Teachers are fleeing the classroom because of the stress and pressure caused by constant observation by authorities and the "climate of fear" this creates.
But arguably the greatest victims of this are students. Those taught a rigid curriculum by an overwrought teacher are likely to parrot correct, if unimaginative, information in order to pass their exams. Or, as Denise de Souza Fleith found in her 2000 research: "in a climate in which fear, one right answer, little acceptance for a variety of students' products, extreme levels of competition and many extrinsic rewards are predominant, it is difficult to foster high levels of creativity".
Could this be about to change? The government says so, claiming that the new national curriculum planned for 2014 will encourage greater creativity in the classroom. Of course, there are many who have fair grounds - and experience - to dismiss this as rubbish. But they cannot deny that too many teachers have spent years trapped in defensive practice, teaching students only what they need to know to scrape through exams. We call it teaching to the test.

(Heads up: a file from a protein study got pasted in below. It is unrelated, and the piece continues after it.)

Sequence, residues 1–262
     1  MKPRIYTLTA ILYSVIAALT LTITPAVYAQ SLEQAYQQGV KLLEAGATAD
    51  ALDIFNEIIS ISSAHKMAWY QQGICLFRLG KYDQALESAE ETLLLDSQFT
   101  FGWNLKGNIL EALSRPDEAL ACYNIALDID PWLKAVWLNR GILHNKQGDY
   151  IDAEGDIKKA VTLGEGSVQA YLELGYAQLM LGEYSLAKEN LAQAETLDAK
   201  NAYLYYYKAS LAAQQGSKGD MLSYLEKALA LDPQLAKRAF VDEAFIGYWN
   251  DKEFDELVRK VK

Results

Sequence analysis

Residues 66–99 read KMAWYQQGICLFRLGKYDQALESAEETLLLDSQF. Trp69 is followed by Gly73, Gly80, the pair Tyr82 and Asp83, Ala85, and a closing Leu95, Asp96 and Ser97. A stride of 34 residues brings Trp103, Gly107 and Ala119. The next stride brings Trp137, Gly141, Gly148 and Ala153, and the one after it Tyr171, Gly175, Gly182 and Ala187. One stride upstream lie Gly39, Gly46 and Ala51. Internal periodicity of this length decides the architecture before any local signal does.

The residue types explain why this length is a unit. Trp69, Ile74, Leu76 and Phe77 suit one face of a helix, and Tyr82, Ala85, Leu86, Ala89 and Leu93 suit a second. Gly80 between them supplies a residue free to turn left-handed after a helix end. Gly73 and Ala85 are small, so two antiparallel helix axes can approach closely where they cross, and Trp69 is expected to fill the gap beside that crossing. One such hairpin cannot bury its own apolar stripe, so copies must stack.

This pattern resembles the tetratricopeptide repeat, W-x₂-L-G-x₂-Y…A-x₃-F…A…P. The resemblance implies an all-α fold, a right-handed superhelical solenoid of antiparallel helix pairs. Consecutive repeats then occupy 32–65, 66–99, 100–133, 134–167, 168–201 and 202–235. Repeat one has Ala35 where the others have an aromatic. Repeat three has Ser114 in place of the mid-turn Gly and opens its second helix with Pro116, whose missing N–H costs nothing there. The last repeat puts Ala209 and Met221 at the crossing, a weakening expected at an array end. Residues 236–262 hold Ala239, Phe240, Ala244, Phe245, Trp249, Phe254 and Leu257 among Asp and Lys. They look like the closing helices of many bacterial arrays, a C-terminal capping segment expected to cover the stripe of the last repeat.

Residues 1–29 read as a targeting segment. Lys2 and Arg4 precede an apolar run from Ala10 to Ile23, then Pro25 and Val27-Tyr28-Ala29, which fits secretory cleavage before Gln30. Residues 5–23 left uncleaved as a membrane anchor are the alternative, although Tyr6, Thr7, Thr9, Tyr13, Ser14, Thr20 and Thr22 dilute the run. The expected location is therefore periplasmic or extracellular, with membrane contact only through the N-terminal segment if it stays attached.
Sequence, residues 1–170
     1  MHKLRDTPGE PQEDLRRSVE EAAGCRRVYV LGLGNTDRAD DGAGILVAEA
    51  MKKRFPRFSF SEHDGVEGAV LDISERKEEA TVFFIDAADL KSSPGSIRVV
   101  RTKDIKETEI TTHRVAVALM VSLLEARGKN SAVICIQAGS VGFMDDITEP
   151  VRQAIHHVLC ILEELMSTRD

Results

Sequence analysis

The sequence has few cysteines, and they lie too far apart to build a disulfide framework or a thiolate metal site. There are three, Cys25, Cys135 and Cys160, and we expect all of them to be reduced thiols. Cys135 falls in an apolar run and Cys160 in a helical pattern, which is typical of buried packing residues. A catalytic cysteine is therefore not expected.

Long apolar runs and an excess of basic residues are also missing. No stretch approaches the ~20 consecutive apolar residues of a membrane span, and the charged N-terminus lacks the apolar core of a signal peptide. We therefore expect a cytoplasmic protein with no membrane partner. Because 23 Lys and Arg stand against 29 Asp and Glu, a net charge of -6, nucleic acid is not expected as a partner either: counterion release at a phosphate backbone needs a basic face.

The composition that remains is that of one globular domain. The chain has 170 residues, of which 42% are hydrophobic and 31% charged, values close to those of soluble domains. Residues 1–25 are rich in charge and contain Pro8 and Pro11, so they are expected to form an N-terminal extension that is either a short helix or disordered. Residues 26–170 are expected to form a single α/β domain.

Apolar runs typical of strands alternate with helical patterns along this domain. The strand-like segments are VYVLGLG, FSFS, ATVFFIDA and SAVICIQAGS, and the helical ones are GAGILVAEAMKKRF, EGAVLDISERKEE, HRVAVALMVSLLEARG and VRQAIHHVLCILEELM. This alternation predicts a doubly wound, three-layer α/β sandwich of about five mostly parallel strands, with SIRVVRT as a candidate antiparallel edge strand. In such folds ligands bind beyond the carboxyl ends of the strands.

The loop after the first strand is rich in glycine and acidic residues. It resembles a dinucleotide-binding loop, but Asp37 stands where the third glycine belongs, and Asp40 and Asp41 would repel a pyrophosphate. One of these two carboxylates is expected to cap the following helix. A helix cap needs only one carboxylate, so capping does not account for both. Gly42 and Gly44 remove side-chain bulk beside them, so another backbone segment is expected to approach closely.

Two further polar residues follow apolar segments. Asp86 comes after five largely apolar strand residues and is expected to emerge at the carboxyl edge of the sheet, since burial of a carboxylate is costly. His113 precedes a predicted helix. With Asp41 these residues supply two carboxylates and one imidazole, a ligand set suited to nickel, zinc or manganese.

Whether the reforms allow more freedom, they certainly should not stop you bringing creativity into the classroom. Many teachers have already found ways of doing this. For example, when students stray slightly from the lesson objective, let them: especially if it pricks their curiosity and leads to more in-depth learning. With a research assignment, why not allow students to present their findings in a style of their choosing or even perform an experiment?
As teachers you are still holding the reins. But you are also empowering the students by giving them the chance to study or research in their own creative style. This should motivate them to do their best.
Creativity is intangible and means different things to different people. Finding the most effective way to draw it from each student is yet another challenge. Let's hope that when the new curriculum is delivered it belies critics' predictions, giving students and teachers more than just a superficial gloss of paint over the existing, exam-focused, educational woodwork. We can but dream.
Jo Knowsley is acting editor of TESpro, firstname.lastname@example.org @tes.